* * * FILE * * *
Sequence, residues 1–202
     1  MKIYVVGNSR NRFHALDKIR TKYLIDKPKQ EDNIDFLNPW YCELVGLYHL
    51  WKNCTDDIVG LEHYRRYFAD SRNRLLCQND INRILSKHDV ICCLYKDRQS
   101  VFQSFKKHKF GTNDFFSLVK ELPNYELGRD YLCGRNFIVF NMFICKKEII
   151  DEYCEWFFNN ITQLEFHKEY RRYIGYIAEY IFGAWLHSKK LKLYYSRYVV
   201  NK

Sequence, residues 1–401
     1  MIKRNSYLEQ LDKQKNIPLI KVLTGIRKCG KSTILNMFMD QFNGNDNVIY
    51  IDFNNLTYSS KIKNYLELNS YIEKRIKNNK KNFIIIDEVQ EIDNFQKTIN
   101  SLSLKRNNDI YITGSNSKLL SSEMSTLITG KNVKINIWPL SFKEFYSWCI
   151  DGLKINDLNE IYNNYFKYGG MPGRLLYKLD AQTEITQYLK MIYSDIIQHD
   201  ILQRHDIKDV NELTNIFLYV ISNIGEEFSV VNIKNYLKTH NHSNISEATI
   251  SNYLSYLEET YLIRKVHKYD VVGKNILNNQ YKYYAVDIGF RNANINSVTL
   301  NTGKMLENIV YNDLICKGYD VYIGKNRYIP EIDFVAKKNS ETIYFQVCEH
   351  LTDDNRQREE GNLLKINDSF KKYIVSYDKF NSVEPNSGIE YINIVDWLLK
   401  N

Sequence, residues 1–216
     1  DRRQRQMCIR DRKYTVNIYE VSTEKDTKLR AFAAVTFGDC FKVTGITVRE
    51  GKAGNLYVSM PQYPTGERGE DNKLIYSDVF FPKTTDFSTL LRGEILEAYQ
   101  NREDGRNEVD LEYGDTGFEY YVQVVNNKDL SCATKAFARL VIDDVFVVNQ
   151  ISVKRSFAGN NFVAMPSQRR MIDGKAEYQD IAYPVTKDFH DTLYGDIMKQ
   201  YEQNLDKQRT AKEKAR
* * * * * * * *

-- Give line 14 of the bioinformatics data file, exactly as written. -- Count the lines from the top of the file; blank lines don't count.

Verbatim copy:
   301  NTGKMLENIV YNDLICKGYD VYIGKNRYIP EIDFVAKKNS ETIYFQVCEH